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More talks with the Ray County 911 Board of Directors and the entities they serve was decided after two hours of discussions – heated at times – at last night’s 911 public hearing.
“We asked for a proposal, you gave us one. I have faith in my staff and I feel like there’s other possibilities. A centralized county dispatch is the way to go. I don’t know if this is the proper one and would like to look at other possibilities,” said Richmond Mayor Lance Green.
Green asked Councilman Bob Bond, who chairs the Public Safety Committee and 911 Committee, to get together with Ray County 911 Director Scott Enss to schedule another meeting. An Aug. 1 deadline was determined if Richmond wants to join Ray County 911 by its new fiscal year which begins Oct. 1.
“It would have to be Aug. 1 because eight to 12 weeks of training is required for new dispatchers (to take on the additional workload). It needs to be a seamless integration across those dates. We don’t want to put anyone at risk,” said Enss.
The cost of Ray County 911’s proposal is $182,576. Richmond’s 911 and dispatch budget for this year is $197,580. The proposal includes handling all county 911 calls and dispatch of Richmond fire and police, technology and information software to aid law enforcement, such as NCIC background checks, Missouri Uniform Law Enforcement System (MULES) and GIS mapping. All transactions, modifications, cancellations of calls, plus record keeping would be done by Ray County 911 as well.
Paul Harris, board member of Ray County 911 and Ray County Ambulance, said the cost of the proposal is based on the number of calls received by Richmond dispatch and that the city requires ALERTS, MULES and the NCIC system, which other entities they serve do not need. He said the Sheriff’s Department was the closest figures in terms of calls and officers to Richmond. The Sheriff’s Department paid $196,000 this year for their services, he said.
Tim Ray, Richmond 911 dispatch supervisor, began the meeting with a PowerPoint presentation that reviewed the assessment of Richmond 911 from Missouri 911 Director R.D. Porter. In his presentation, Ray said there were three areas of concern from Porter. The concerns were the cost of technology and the ability to financial maintain and upgrade software, staffing issues and the cost per 911 call.
“It didn’t work out as well as we hoped. We had to move one of the part-timers to a full-time position to maintain 24/7. We’re in a better place now,” he said.
Ray also said purchases of an answering point (PSAP), computers, monitors and other items for dispatch were contributors to their $20.32 per 911 call in the audit. He said the city’s cost per call is $20.28. Ray County 911 cost per 911 call is $11.67, according to its audit.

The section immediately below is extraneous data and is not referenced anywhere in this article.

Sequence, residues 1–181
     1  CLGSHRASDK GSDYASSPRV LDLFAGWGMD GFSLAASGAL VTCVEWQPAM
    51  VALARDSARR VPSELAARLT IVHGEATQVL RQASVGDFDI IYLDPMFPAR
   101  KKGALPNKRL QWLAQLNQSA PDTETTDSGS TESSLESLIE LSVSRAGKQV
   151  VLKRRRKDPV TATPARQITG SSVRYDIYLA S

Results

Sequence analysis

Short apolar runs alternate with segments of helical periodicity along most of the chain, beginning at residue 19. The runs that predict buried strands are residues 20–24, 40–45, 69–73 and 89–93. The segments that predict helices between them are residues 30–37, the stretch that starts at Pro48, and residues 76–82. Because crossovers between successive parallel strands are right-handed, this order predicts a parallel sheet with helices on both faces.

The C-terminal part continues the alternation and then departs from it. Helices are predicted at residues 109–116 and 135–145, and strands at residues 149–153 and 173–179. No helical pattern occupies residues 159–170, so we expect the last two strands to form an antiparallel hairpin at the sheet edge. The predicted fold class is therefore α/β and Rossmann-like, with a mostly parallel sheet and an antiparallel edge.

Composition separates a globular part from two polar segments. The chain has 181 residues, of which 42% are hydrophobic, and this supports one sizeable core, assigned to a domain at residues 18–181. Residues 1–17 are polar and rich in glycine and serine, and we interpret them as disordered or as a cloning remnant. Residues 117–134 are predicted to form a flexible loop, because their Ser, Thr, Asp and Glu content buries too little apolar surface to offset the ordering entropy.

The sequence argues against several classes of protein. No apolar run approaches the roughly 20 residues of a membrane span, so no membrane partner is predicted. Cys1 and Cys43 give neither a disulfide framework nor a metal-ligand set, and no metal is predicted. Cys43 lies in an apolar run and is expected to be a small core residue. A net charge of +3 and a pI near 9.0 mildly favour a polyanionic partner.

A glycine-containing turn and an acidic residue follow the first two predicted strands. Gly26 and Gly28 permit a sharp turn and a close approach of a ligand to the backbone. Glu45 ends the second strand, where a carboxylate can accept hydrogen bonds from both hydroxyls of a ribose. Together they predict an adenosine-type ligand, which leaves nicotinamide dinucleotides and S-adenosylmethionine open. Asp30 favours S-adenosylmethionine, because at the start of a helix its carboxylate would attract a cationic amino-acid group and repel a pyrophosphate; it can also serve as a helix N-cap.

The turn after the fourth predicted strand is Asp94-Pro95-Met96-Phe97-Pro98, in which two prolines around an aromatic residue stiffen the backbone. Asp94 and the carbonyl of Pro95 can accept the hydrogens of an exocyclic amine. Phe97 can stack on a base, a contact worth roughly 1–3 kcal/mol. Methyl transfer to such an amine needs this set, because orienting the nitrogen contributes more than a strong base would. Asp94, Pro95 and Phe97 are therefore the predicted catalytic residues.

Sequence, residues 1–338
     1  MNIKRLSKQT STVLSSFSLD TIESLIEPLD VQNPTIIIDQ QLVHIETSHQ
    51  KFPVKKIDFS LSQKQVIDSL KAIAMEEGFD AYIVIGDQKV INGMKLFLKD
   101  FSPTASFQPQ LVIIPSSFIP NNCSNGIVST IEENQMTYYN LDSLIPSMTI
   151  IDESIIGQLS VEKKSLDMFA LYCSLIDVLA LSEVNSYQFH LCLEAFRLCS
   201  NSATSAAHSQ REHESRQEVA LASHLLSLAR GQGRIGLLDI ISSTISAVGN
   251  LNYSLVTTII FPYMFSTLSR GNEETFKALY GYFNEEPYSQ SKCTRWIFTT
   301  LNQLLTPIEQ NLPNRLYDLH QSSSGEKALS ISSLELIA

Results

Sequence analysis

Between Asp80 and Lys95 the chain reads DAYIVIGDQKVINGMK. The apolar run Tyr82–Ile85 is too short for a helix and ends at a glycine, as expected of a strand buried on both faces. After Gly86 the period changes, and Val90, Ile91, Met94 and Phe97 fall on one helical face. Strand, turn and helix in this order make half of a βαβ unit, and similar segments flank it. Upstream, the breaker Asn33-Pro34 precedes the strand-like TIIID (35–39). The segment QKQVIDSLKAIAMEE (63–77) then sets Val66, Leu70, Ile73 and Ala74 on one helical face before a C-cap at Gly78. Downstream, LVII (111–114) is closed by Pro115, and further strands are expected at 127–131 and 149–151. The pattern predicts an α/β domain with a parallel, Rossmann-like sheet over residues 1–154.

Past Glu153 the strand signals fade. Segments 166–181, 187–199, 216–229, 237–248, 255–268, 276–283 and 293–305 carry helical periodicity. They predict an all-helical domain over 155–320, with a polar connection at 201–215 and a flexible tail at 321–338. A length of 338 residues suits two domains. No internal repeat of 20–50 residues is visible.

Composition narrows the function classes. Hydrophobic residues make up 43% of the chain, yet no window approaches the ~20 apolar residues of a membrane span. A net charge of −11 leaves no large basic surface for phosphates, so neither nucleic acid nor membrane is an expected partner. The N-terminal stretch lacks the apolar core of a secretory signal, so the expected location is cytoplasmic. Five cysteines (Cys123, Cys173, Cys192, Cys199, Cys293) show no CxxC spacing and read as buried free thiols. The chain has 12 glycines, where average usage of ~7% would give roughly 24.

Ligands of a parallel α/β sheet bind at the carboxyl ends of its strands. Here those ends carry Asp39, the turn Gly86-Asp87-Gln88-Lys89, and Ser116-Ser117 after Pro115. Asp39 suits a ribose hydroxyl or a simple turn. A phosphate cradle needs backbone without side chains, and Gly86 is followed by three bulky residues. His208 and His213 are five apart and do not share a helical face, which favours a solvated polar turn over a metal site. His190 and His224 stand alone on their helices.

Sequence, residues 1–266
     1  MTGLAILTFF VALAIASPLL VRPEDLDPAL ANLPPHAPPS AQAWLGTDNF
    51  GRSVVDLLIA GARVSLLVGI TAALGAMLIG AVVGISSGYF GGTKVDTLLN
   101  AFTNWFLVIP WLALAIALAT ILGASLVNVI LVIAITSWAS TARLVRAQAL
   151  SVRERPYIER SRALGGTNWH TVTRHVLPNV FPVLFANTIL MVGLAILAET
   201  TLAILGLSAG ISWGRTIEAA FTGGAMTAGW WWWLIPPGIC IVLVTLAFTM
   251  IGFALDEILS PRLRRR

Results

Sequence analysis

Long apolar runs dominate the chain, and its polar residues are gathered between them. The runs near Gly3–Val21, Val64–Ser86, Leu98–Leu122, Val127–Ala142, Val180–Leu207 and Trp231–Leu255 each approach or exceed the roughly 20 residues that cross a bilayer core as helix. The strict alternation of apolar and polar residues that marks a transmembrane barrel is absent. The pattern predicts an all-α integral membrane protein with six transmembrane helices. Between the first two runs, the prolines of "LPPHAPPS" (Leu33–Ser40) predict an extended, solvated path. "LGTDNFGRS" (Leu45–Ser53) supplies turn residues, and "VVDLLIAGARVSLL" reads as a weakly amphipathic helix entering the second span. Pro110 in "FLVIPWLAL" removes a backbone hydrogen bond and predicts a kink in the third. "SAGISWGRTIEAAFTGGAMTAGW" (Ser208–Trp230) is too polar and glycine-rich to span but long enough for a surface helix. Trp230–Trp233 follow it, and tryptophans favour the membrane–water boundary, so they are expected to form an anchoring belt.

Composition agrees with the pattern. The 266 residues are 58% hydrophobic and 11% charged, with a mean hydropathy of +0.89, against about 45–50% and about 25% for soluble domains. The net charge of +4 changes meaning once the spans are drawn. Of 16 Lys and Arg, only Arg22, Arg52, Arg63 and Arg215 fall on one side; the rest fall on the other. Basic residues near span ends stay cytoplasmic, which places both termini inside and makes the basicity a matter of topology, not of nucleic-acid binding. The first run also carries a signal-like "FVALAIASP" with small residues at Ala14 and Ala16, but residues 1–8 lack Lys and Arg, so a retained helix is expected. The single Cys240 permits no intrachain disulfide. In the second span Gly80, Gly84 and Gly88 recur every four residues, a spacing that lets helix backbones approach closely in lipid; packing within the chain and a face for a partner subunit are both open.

Ray reiterated Porter’s remarks in his audit that the two 911 and dispatch units should consider consolidation to avoid redundancies and cut costs.
The point of contention at the meeting was Ray’s side-by-side comparison of costs if Richmond joined Ray County 911. Although the city’s 911 and dispatch budget is $196,580 for this year, Ray said actual cost is $30,000 less because the software budgeted to receive wireless calls would not be purchased, due to the economy and finances. Ray’s final budget reflected a total cost of $174,884. In Ray’s comparison, the cost to join Ray County 911 would be much higher than the proposed $182,576. In the county column, the city’s annual $3,000 contract for AT&T’s PSAP unit was added along with $144,846 for administrative costs to man the Richmond Police Department window 24-hours a day. The administrative cost is for three full-time positions and 4,000 hours of part-time help to cover vacations and sick time, according to Police Chief Terri McWilliams.
“My question is, you’re just manning that window, right?” asked Councilwoman Terrie Stanley.
“It’s not just sitting at the window and doing nothing,” McWilliams replied.
“How can you come up with that figure when the whole ball of wax is $182,000 with everything else and that’s with the county doing it?” Stanley asked.
“We can do it ourselves or contract it out.” Ray said. “Seventy percent is just people. The rest is equipment and maintenance.”
Mayor Green added, “We would have to pay off our contract and then pay administrative people.”
Councilman Roger Kepple, also a County 911 board member asked, “The $144,846 is added to the Ray County 911 column. Why? That should be part of your police budget and not 911.”
Ray said the other duties the dispatchers provide would still be needed and the city’s 911 budget currently pays for dispatch.
“I think your figures are a little slanted here,” Kepple said.
Richmond resident Brenda Clemens pointed at the numbers on the board and said, “You’re doubling up with your labor.”